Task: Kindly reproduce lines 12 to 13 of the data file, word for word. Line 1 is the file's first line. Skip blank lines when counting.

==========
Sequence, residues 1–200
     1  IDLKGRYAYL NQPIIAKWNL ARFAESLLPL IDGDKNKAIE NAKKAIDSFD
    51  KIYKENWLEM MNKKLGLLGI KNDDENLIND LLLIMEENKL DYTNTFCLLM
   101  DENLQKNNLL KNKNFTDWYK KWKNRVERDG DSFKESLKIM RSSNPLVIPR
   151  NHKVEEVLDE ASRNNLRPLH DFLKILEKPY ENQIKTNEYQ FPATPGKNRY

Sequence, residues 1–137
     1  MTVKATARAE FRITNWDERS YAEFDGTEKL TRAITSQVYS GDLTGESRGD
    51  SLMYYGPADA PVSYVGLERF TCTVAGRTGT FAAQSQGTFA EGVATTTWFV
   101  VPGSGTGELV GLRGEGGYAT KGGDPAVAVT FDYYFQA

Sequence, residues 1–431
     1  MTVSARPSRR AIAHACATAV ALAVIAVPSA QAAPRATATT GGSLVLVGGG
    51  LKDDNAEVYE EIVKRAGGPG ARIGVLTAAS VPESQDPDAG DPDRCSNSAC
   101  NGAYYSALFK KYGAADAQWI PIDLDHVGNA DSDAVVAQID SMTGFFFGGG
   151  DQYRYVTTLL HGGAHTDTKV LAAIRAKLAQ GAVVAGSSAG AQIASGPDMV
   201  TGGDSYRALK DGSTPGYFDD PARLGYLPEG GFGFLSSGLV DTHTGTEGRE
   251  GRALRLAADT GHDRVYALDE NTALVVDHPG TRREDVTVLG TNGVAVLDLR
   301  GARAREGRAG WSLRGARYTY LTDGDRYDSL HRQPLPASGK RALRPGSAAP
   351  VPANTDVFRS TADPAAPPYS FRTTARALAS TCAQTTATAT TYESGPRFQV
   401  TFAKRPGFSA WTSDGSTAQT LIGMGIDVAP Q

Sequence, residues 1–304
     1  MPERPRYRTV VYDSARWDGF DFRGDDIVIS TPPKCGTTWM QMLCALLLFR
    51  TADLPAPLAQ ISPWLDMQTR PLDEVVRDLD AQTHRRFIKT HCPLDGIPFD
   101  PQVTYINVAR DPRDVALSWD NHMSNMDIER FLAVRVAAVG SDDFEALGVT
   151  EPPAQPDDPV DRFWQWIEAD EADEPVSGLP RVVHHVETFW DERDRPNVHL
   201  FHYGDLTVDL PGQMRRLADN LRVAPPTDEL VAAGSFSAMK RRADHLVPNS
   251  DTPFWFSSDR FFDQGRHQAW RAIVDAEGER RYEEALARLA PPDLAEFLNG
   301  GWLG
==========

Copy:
    51  LKDDNAEVYE EIVKRAGGPG ARIGVLTAAS VPESQDPDAG DPDRCSNSAC
   101  NGAYYSALFK KYGAADAQWI PIDLDHVGNA DSDAVVAQID SMTGFFFGGG